Ancient societies addressed the needs of their most vulnerable members: the widows and the fatherless. When the family system failed, the entire community was enlisted to provide for their needs.

In ancient Israel the tithe of every third year was to go to the widows and the fatherless (see Deuteronomy 14:28–29). The excess harvest of a field or orchard was to be allotted for this group (see Deuteronomy 24:19). A widow’s raiment was never to be taken as a pledge to repay a debt (see Deuteronomy 24:17).

The care of widows and their children is also found throughout the Book of Mormon record. King Limhi decreed that every man of the people of Limhi was to provide a part of his goods to help support the large number of widows and their children who lost their husbands and fathers in a battle with the Lamanites (see Mosiah 21:17). The plight of widows due to war was a recurring theme throughout the Book of Mormon record. The prophet Mormon wrote of many widows and their daughters who were left without sustenance and were starving (see Moroni 9:16). The Book of Mormon societies condemned the neglect of these people. Mistreatment of the vulnerable was considered by the prophets to be a sign of a wicked society. Isaiah condemned those men who “decree unrighteous decrees . . . to turn aside the needy from judgment, and to take away the right from the poor of my people, that widows may be their prey, and that they may rob the fatherless!” (Isaiah 10:1–2). This condemnation is also found in the Book of Mormon (see 2 Nephi 20:1–2).

Malachi spoke against those who oppress the widow and fatherless (see Malachi 3:5). This is also found in the Book of Mormon record in 3 Nephi 24:5. Mormon prophesied of those in our day who “build up . . . secret combinations to get gain, and cause that widows . . . and also orphans to mourn before the Lord, and also the blood of their fathers and their husbands to cry unto the Lord from the ground, for vengeance” (Mormon 8:40).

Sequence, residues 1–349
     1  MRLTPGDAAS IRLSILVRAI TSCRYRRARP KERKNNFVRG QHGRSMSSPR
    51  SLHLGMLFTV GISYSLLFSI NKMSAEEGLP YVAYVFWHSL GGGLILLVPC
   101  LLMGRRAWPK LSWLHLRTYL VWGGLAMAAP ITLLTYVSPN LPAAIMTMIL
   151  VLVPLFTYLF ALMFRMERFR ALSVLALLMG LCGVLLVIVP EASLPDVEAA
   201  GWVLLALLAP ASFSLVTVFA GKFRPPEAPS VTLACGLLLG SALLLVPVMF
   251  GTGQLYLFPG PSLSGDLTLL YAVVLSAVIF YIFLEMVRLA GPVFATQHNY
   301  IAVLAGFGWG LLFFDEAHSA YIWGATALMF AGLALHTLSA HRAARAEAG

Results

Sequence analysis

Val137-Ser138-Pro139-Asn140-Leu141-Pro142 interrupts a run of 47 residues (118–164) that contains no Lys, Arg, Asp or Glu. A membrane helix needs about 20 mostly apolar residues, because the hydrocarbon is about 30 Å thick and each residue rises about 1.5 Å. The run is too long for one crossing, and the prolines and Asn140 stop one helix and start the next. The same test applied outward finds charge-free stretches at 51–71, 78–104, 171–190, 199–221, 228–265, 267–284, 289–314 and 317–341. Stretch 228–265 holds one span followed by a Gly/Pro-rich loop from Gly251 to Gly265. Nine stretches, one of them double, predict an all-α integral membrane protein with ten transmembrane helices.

Other ancient Near Eastern laws dealt with the needs of women whose husbands were missing or taken captive. In these situations, a woman in need could appeal to the community or palace for aid.[23] An account such as this of a widow appealing to the king for assistance is found in the Old Testament record of 2 Kings. A widowed Shunammite woman appealed to the king for the return of her house and land after she spent seven years in the land of the Philistines. Her request was granted (see 2 Kings 8).

The mandate to both family and community to care for women and children was carried down to New Testament times and is found in James 1:27: “Pure religion and undefiled before God and the Father is this, To visit the fatherless and widows in their affliction, and to keep himself unspotted from the world.” The same charge exists in this present gospel dispensation. Widows are to be provided for by their families or by the Church. In Doctrine and Covenants 83:6, the Lord commands that “by the consecration of the church . . . widows and orphans shall be provided for.” The Prophet Joseph Smith wrote from Liberty Jail concerning the care of widows and orphans: “Therefore it is an imperative duty that we owe, not only to our own wives and children, but to the widows and fatherless, whose husbands and fathers have been murdered” (D&C 123:9). Through President Brigham Young, the Lord dictated that every company traveling west was to “bear an equal proportion, according to dividend of their property, in taking the poor, the widows, the fatherless, and the families of those who have gone into the army, that the cries of the widow and the fatherless come not up into the ears of the Lord against this people” (D&C 136:8).

Physical Protection: The Sacred Support Owed to Wives and Children